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Art and Philosophy
A collection of work by Iza Tarasewicz, one of the most recognizable young artists in Poland, is on display at the Xawery Dunikowski Museum of Sculpture in Warsaw’s Królikarnia Palace. The exhibition, entitled Clinamen, brings together the artist’s earlier pieces as well as some of her new sculptures created especially for the show.

In her work, Tarasewicz—born in 1981 in the eastern city of Białystok—often examines fundamental issues such as violence and human frailty. She sculpts, draws and practices performance art.

The exhibition combines works by Tarasewicz with pieces from the collection of the National Museum in Warsaw; the aim is to have the items interact with one another. The title of the exhibition comes from Roman poet and philosopher Titus Lucretius Carus (c. 99-55 B.C.), who built upon the atomistic theory of ancient Greek philosopher Epicurus (341-270 B.C.) and coined the term “clinamen” to explain spontaneous and unpredictable swerves in the movement of atoms. According to Lucretius, this phenomenon means that people are also free to determine their destinies.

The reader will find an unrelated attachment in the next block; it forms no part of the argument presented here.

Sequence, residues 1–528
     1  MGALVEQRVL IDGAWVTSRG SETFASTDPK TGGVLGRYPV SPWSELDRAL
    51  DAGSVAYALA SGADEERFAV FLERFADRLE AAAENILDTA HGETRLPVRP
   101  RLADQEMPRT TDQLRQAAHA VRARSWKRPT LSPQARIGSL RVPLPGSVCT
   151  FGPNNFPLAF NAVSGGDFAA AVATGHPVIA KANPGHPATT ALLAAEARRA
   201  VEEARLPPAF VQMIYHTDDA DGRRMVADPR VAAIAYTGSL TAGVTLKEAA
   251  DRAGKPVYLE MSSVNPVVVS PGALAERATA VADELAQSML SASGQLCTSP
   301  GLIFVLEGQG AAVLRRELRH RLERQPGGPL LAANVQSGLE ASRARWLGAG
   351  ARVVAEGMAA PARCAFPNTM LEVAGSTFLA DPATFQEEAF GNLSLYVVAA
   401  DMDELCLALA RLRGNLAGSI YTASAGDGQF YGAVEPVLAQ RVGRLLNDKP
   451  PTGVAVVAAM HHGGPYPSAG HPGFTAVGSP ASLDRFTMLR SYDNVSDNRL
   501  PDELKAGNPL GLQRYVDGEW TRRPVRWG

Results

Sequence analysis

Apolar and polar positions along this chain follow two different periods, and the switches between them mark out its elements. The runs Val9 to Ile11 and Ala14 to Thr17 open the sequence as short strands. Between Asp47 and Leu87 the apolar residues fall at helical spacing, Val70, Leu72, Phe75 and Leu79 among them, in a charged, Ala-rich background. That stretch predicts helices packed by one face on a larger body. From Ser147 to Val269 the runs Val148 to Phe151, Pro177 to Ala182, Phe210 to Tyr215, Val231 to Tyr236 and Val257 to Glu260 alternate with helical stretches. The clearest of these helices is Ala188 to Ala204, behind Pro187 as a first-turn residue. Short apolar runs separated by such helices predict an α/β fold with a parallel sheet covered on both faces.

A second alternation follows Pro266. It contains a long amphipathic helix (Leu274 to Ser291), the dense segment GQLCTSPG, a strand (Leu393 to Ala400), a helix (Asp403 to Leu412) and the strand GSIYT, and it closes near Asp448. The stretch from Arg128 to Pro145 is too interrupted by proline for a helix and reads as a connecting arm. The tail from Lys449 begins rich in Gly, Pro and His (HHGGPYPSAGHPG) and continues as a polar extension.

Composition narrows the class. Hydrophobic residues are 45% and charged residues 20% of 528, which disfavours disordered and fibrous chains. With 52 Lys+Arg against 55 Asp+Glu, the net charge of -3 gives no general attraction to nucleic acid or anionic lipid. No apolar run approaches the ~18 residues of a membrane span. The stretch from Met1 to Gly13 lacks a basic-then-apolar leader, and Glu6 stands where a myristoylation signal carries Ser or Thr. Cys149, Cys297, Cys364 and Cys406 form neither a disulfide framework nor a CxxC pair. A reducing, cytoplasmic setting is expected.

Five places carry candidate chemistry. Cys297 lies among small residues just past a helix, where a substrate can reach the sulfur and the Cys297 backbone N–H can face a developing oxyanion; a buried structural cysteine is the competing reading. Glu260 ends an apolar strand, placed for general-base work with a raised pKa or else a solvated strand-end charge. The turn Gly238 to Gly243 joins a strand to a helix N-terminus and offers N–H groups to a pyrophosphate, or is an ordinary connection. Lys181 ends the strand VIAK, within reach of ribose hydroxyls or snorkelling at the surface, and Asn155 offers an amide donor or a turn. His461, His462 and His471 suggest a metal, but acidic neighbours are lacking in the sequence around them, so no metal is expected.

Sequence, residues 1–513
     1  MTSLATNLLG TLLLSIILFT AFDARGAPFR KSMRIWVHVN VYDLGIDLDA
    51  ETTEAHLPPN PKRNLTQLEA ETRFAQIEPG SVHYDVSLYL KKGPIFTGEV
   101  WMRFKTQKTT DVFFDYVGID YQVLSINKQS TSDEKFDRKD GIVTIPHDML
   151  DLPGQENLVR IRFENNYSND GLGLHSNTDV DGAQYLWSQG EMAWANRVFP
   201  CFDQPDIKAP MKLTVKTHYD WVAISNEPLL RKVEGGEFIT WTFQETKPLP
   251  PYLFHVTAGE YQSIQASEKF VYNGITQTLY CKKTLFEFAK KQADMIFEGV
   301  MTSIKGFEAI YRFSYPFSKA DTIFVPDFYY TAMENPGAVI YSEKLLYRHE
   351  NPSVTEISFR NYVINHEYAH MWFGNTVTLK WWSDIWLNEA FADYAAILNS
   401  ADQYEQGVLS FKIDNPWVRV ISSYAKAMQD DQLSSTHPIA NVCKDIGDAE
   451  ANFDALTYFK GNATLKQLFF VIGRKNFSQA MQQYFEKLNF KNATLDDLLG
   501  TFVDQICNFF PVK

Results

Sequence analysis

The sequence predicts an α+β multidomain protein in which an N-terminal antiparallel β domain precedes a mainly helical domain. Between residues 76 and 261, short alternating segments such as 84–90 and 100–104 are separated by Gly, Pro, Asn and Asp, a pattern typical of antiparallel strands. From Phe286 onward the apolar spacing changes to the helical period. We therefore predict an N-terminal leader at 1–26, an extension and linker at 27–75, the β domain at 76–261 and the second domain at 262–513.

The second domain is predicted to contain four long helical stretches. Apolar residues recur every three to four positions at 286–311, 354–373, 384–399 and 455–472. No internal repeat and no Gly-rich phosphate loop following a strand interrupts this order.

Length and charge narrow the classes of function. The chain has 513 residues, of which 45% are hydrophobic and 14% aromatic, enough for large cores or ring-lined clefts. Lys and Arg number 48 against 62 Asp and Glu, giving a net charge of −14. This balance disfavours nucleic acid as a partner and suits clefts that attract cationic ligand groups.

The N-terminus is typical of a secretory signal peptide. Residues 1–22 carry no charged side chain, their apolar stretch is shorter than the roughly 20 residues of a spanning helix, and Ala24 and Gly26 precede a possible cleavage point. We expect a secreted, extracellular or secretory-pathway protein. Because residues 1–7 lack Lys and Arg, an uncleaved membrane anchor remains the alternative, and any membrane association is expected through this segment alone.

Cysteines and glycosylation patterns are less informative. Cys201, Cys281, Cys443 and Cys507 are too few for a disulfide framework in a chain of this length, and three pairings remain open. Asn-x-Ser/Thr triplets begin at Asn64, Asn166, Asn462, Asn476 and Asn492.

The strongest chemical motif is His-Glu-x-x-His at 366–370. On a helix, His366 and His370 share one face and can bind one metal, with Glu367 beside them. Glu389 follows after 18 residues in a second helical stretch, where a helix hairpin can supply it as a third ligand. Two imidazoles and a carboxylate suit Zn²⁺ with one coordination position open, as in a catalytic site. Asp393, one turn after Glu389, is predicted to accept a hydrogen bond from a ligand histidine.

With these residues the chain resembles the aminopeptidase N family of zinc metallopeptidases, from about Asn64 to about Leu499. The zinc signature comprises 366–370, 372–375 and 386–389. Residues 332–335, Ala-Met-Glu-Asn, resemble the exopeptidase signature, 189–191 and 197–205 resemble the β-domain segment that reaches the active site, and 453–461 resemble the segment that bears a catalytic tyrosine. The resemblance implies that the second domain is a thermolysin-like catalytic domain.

When sculpting Tarasewicz often uses clay and plaster as well as unconventional materials such as concrete, tar, gold, glass, ash and animal intestines. At the Królikarnia Palace, these materials are juxtaposed with objects that testify to the history of the venue, such as the spatula of the master sculptor Xawery Dunikowski, after whom the museum is named; a piece of an 18th-century sculptural decoration; and a postwar photograph of the palace in ruins. The aim is to provoke questions about the status of sculpture as an artistic discipline, its form and materiality as well as about the artist’s role in the creative process.

Until Aug. 11; Xawery Dunikowski Museum of Sculpture
Królikarnia Palace, 113a Puławska St.